Victory over the Philistines

The return of the Ark marked a change in the religious life of the Jewish people. Many now really yearned for the study of the Torah and a return to G‑d.

However, many Jews saw no inconsistency in having in their possession various idols. Their belief in G‑d, they felt, was not affected by having these harmless images in their homes. But Samuel, who was now the acknowledged prophet and the judge of Israel, traveled from city to city, enlightening the people as to the true meaning of the Torah and the belief in one G‑d. His home was Ramah, his birthplace; but he went yearly round to Bethel, Gilgal, and Mizpah, to judge and instruct the people.

Samuel longed to restore unity, peace, and safety to his nation; but he felt that this was impossible as long as idolatry prevailed. Therefore he called the people of Israel together and exhorted them to put away their strange gods and to return to G‑d with their whole heart. The multitude listened to his earnest appeal, and in response to it, they removed the images of Baal and Ashtarte and served the L-rd alone. Then Samuel summoned them to Mizpah for a great public sacrifice and a day of prayer. The Philistines, hearing of this peaceful assembly, resolved to attack them at once, and the affrighted Israelites bade Samuel pray for them.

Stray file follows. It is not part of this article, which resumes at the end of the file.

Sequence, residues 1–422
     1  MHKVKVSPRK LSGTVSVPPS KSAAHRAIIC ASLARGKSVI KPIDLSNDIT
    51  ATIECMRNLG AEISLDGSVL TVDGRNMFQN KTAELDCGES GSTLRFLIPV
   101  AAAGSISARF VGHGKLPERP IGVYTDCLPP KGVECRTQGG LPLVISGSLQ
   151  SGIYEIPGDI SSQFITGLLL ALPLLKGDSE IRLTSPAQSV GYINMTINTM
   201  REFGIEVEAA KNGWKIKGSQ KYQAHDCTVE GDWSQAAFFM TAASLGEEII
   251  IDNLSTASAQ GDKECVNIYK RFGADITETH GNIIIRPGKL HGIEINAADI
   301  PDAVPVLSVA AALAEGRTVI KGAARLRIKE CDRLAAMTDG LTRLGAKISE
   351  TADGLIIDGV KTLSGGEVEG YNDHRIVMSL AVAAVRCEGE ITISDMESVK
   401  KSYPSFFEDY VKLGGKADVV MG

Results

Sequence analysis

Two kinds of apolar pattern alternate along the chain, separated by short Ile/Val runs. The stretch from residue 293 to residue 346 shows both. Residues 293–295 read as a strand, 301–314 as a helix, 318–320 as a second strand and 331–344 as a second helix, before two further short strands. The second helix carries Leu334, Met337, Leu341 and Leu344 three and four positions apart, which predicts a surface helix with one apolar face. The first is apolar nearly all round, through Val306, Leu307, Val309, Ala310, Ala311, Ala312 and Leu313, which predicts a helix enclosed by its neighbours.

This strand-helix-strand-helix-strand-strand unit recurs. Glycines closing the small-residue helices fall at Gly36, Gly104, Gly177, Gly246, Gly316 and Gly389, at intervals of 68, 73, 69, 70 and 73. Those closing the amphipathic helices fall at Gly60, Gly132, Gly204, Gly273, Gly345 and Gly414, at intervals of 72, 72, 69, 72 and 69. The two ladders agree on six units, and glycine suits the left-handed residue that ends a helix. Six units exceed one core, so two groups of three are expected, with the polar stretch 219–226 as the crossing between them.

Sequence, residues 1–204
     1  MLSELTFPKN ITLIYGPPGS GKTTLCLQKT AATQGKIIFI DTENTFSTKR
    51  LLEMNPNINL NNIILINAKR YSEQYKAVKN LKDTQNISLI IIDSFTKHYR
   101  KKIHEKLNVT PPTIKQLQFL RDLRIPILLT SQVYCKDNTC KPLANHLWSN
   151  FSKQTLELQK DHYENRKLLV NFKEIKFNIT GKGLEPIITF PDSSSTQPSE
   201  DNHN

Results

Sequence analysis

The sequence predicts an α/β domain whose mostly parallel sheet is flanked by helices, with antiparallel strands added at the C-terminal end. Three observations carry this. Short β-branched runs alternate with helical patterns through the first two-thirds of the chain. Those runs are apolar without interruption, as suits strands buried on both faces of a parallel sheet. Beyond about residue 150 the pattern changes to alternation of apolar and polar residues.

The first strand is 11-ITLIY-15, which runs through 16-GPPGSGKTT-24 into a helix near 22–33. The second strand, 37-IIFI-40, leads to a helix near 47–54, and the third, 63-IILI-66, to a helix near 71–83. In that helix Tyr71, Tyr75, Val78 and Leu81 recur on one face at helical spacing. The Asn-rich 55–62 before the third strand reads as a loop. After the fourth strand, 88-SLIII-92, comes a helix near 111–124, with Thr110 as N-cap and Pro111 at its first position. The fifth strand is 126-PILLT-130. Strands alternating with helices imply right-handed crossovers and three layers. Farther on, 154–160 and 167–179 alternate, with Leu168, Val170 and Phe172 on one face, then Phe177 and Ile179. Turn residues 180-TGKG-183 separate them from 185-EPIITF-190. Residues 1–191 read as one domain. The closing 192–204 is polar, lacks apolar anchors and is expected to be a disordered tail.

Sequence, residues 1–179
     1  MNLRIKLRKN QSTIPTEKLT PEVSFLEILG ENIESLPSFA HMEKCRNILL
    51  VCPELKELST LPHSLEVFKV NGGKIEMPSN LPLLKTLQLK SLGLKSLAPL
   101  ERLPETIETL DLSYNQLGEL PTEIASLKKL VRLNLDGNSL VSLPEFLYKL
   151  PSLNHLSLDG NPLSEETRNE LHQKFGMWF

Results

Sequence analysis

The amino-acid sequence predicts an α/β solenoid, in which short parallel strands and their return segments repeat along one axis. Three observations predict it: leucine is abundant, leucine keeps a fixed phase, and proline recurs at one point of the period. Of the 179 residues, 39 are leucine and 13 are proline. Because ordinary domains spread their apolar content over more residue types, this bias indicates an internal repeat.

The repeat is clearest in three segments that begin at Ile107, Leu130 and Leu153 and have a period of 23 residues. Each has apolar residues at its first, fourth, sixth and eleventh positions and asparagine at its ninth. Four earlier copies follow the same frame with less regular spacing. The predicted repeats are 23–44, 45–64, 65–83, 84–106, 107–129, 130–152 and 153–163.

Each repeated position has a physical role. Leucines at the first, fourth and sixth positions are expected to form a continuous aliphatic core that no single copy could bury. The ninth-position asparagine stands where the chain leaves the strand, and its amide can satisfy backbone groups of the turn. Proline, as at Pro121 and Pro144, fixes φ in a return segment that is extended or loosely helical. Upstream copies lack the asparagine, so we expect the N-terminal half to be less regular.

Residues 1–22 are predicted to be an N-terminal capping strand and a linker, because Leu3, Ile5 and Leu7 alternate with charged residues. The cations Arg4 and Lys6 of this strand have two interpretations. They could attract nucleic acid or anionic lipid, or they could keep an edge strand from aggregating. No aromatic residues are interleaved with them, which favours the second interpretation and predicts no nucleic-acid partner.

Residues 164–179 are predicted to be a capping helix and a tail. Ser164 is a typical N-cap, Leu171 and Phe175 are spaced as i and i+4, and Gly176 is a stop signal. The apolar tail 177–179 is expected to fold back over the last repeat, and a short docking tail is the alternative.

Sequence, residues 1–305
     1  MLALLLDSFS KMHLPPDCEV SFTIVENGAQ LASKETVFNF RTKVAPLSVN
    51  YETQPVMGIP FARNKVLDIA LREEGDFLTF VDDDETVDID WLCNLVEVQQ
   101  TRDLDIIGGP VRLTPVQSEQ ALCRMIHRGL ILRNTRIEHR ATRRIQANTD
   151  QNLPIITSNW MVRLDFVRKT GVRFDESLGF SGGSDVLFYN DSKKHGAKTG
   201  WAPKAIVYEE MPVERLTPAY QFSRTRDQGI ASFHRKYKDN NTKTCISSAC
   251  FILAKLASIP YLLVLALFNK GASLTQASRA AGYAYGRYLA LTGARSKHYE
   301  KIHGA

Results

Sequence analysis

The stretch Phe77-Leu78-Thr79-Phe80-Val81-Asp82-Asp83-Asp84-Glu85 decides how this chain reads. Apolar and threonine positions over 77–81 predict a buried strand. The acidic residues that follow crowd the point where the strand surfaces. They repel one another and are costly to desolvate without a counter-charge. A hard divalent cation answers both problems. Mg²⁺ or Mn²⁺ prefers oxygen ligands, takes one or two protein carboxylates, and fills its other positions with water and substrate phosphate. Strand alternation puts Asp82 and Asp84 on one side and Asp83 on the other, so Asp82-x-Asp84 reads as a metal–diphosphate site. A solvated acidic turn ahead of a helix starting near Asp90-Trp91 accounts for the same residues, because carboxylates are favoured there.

The Jews saw the Philistines approaching and cried out to Samuel to pray to G‑d to save them. The prophet offered up a burnt sacrifice to the L-rd and invoked His aid for the people. As the smoke was rising from the altar, the Philistines approached in battle array; but a terrific storm burst over their heads and discomfited their army. They were put to flight, and the Israelites pursued them to the southern frontier of the land and utterly routed them. The Hebrews now easily reconquered all the towns which the Philistines had previously taken. Indeed, the Philistines were thoroughly subdued and weakened and did not dare to attack the Hebrews again during the lifetime of Samuel.

"Set a King Over Us"

Samuel was growing old. He had appointed his two sons as judges. However, like the two sons of Eli, they did not follow in their father's foot-steps. The people had no confidence in them and feared that Samuel's death would again leave them without a leader. The elders, therefore, came to Samuel and confronted him with the request, "Set a king over us." Samuel was greatly disturbed by this request. He attempted to dissuade them by pointing out that the neighboring kings were despots. The heathen king was cruel and avaricious. He robbed the poor and weak to enrich himself and his courtiers. He was indifferent to the plight of the masses. He recruited the cream of the youth for his army to seek personal glory in conquest. He levied heavy taxes and flagrantly infringed upon the freedom of his subjects. But no argument could convince the Elders that they should give up their urgent request, as they hoped that a king could unite them into one nation, strong enough to defend its borders against any enemy. When Samuel saw that the Elders were persisting in their purpose, he inquired of G‑d whether or not Israel should have a king. Receiving a reply in the affirmative, Samuel dismissed the Elders of Israel with the promise that their request would be granted.